By allowing university tuition fee hikes of 4 to 8 per cent every year, the McGuinty Liberals are going in the wrong direction to pull the province out of recession, says the Canadian Union of Public Employees (CUPE) Ontario. Instead, the province needs to graduate more students in order to build a strong, knowledge-based economy that will take it out of its new “have-not” status within Canada, according to CUPE Ontario Secretary-Treasurer Fred Hahn.
“Every year that this government raises tuition fees means that less and less young people are entering the workforce with the skills needed to fuel the success of knowledge-based industries,” Hahn told thousands of students gathered at Queen’s Park today to stop tuition fee increases. “And with every tuition fee increase, more working families lose the opportunity to send their kids to university.”
The McGuinty government cancelled the tuition fee freeze in 2006 after only two years. Under its Reaching Higher Framework, the government has allowed tuition fee hikes of 4 to 8 per cent each year, resulting in the highest fee increases on campuses across Canada.
“Graduate students are not completing their programs and that’s a growing problem,” said Hahn. “This is a huge loss of investment for the system because these students just can’t afford to stay in university.” Eighty-seven per cent of Ontarians oppose tuition fee increases and support greater funding for colleges and universities. Yet Ontario ranks second-last of all provinces in terms of funding for post-secondary education as a share of total provincial expenditure.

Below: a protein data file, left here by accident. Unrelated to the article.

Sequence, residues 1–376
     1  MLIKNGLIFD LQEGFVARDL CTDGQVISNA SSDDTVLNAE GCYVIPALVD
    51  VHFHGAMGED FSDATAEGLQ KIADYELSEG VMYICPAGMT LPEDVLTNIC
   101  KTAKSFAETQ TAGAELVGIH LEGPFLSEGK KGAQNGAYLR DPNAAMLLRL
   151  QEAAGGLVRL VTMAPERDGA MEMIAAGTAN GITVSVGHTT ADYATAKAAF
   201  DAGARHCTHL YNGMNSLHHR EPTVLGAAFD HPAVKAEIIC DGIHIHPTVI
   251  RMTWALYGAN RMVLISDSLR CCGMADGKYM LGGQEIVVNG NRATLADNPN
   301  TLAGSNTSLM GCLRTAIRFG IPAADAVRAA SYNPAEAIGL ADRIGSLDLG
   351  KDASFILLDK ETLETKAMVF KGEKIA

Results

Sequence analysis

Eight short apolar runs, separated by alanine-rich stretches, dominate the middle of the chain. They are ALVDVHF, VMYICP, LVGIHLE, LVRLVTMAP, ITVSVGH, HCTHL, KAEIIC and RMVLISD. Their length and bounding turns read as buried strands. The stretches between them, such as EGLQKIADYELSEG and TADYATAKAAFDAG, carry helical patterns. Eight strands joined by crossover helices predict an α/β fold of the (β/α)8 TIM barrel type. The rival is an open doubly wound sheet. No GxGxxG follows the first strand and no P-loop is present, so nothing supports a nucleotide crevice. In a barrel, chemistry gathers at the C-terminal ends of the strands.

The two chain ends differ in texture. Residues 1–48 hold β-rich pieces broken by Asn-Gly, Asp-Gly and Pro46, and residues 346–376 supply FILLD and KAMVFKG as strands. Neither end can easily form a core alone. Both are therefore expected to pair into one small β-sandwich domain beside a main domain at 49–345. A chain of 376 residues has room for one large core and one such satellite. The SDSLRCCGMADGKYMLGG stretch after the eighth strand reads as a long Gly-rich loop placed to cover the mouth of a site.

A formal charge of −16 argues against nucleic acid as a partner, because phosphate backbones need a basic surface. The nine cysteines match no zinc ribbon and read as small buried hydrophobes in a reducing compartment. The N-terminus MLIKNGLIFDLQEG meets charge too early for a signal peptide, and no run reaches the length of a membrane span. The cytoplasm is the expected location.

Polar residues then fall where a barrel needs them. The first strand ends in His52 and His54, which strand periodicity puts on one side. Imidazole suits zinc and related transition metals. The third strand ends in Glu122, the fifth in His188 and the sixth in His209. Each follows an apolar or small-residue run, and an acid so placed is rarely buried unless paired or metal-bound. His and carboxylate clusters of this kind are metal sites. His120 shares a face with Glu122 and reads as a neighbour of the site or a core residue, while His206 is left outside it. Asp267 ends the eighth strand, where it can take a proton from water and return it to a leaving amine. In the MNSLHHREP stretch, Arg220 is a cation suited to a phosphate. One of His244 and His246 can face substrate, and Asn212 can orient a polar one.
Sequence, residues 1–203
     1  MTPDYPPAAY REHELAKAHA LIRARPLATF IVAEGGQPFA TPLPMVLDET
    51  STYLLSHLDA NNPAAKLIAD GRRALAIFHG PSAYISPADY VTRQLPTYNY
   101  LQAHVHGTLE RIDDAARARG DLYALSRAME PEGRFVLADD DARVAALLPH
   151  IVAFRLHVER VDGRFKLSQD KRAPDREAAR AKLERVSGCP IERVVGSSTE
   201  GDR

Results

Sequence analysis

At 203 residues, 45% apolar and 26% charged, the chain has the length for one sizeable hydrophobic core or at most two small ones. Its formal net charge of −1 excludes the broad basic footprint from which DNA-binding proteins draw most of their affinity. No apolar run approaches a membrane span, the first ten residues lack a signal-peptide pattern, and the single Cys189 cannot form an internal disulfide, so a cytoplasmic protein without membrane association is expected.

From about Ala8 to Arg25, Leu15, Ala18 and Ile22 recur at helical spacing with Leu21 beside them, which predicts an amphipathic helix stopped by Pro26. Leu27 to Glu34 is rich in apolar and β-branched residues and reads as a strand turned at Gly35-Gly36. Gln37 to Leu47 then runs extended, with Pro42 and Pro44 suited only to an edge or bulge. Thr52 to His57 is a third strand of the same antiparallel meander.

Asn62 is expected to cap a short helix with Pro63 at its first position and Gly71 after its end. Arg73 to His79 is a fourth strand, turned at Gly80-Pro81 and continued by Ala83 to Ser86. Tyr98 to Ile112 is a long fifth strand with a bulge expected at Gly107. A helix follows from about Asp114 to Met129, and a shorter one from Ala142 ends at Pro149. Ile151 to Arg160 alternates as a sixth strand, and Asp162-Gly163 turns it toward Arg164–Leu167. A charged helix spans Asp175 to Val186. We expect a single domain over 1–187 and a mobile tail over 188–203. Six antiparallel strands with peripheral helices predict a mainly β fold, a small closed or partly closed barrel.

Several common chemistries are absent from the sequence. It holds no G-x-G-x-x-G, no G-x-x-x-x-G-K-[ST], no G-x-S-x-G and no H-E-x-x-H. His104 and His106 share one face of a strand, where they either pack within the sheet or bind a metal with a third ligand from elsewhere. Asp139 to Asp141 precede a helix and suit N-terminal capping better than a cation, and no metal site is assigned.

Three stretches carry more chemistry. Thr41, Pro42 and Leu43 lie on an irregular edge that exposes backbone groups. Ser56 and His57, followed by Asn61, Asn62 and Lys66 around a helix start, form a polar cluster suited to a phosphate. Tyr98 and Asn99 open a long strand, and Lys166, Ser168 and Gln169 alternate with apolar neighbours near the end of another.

Hahn contrasted Ontario’s record with that of Ireland, which eliminated tuition fees to help propel that country to become one of the strongest knowledge-based economies in Europe. And Ireland is not alone. Germany, Denmark, Sweden, Iceland, Wales, Scotland, France and Norway all offer free tuition with Germany even extending it to international students.
“Universities are public institutions; we built them with our tax dollars and they are part of the fabric of public services that serve the common good,” added Hahn. “Yet a corporate mentality has taken over campuses. Even in the so called ‘good times’, universities raised all sorts of fees, privatized services and commercialized campuses in part because of federal and provincial underfunding. It’s time to turn this thinking on its head and start funding the students that are our province’s economic future.”
CUPE members from Brock, York, Ryerson, Trent, McMaster and University of Toronto’s Scarborough, Mississauga and St. George campuses all journeyed to the rally at Queen’s Park organized by the Canadian Federation of Students Ontario. Other rallies took place at Lakehead and Windsor campuses while Ottawa universities rallied at Parliament Hill.